Los Angeles architect Sarah Ann Dennison has passed away. A The Los Angeles Times obituary describes the architect as “a biologist, a photographer and a feminist” who started out with a degree in biology from Wells College before attending the University of Southern California in 1976. Dennison graduated alongside her husband and classmate Greg in 1980 with a Bachelor of Architecture degree. Dennison graduated first in her class at USC and earned an AIA|LA Academic Medal for her stellar credentials as a student. Dennison joined architects Anshen+Allen in Los Angeles in 1987, a firm that specialized in healthcare and laboratory building projects. She would eventually become a founding member of CO Architects, a firm she helped lead until her retirement in 2008. While at CO Architects, Dennison worked on many healthcare and university buildings. After retirement, Dennison worked with the Venice Land Use and Planning Committee as well as on issues relating to global warming and the environment. In 2010, she was awarded a Fellowship in the American Institute of Architects for her “immersive involvement in shaping architecture with clients leads to the creations of engaging and transformative environments that celebrate scientific discovery. Her buildings stimulate hands-on learning and foster delight in the wonder of science.” Dennison also co-chaired the AIA|LA Fellows Nominating and Mentoring Committee and as a result, helped many distinguished candidates achieve Fellowship. A celebration of her life will be held at USC’s Harris Hall at 2:00 pm on Saturday, January 19, 2019.
Posts tagged with "Obit":
Gavin Stamp, the English architecture historian, died on December 30, 2017 at 69. His Ph.D dissertation at Cambridge was a re-assessment of the career of George Gilbert Scott and he went on to become the leading spokesperson for British architecture. An architectural activist, he lectured, wrote and issued polemical tracts on preservation and was chairman of the Twentieth Century Society and active in the Victorian Society. An influential proponent for all things British he often appeared as a talking head on television and famously wrote the "Nooks & Corners" architecture criticism column in Private Eye under the pseudonym Piloti. Stamp was an influential lecturer at many schools in the U.K., especially the Mackintosh School of Architecture at the Glasgow School of Art from 1990 to 2003, where he lived in a restored 1861 classical house designed by Glaswegian Alexander Thompson. Stamp never worried about being out of step with his times and kept fervently focused on the past, particularly on those aspects that were influential to the present or were no longer thought to be of importance. His authored books include: Edwin Lutyens: Country Houses (2001), Telephone Boxes (1989), The Changing Metropolis: Earliest Photographs of London 1839–1879 (1984), Temples of Power: Architecture of Electricity in London (1979) and lastly, Gothic in the Steam Age (2015).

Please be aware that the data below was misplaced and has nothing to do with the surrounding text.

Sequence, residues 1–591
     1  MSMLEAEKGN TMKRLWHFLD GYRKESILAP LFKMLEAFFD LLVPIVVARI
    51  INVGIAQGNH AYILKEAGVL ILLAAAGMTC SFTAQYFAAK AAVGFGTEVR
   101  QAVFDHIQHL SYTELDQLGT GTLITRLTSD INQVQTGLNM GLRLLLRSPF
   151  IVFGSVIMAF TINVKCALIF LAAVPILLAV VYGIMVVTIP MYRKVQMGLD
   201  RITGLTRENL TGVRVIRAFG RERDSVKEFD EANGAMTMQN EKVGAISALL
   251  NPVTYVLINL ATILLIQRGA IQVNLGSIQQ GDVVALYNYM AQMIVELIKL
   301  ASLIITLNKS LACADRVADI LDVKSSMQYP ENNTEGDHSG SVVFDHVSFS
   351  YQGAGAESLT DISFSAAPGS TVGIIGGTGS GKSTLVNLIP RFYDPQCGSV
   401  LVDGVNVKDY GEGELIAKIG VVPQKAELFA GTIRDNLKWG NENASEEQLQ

John C. Portman Jr., the Atlanta architect and developer has died at 93. The Georgia Tech–trained architect is credited with developing large downtown projects that revolved around the concept of the the atrium, which he turned into large and dramatic enclosed open spaces surrounded by multiple balconies, hundreds of rooms and capsule elevators rushing vertically from base to upper floors. Portman—who often developed and partially owned his projects—thought of these megastructures as new downtowns and they were often built in old downtowns that had been decimated by urban renewal and middle class fight. These buildings were often criticized by theorists like William H. Whyte, Mike Davis, Frederic Jameson and others for their lack of context with the historic city, especially the street. However, later in life Portman received praise from multiple sources including Herbert Muschamp, Paul Goldberger and Rem Koolhaas, who praised his work as “a hybrid” of styles and urban relationships. In 2010 Portman’s career was featured at the 2010 Venice Architecture Biennale and more recently, Harvard Dean Moshen Mostafavi used his designs in a GSD studio, sponsored by Portman, to think of “a new architecture, but one with a lineage.” Portman’s first large important project was for the Merchandise Mart (now AmericasMart) in his hometown of Atlanta in 1961 and this led to his design for the nearby multi-block Peachtree Center in 1965 where he maintained his office. His development firm created the multi-block complex at San Francisco's Embarcadero Center, the Westin Bonaventure Hotel in Los Angeles 1976, the New York Marriott Marquis in 1985, and the Renaissance Center in Detroit in 1977, whose central tower remained the tallest hotel in the Western Hemisphere until 2013. The Shanghai Centre (1990) was the first of many major projects in China and elsewhere in Asia. Look for a longer appreciation of Portman’s life and career in the next Architect's Newspaper print edition.
Sad news in San Diego. Local architect Graham Downes, 55, was killed after being assaulted by one of his employees outside of his home last Friday morning, reports NBC San Diego. Downes, founder of Graham Downes Architecture, had practiced in the city for over 20 years. Local police found him unconscious in front of his house, in the Bankers Hill neighborhood, on Friday morning. Higinio Soriano Salgado, 31, was arrested and booked on attempted murder charges. “It’s devastating. It’s difficult to imagine what tomorrow will be like, but we have to take care of tomorrow,” Alex Veen, CFO of Blokhaus, a collection of companies to which Graham Downe Architects belongs, told NBC San Diego. Downes specialized in luxury hospitality, office, and retail design. He was working on, among other projects, the Hard Rock Hotel San Diego, the Palomar Hotel, Hotel La Jolla, Nico's Bar, and shops for Charlotte Russe, Quiksilver, and Patagonia.
The visionary architect and artist Paolo Soleri has died. He was best known as the mastermind behind Arcosanti, the ongoing experimental community outside of Phoenix, Arizona. Arcosanti, which has been under construction for more than 40 years, embodies Soleri's idea of an architecture merged with the environment. More than 7,000 architecture students have worked on Arcosanti, and more than 50,000 people visit the site every year. Though Soleri has been viewed as an almost mystical outlier in architecture, many of the design principles of Arcosanti mirror contemporary thinking in architecture and planning, including walkability, high density, diversity of uses, urban agriculture, and use of embodied energy. In addition to Arcosanti, Soleri designed buildings in Italy, New Mexico, and several sites across Arizona. According to the Cosanti Foundation, Soleri will be buried at Arcosanti following a private service. A public service will be held later this year.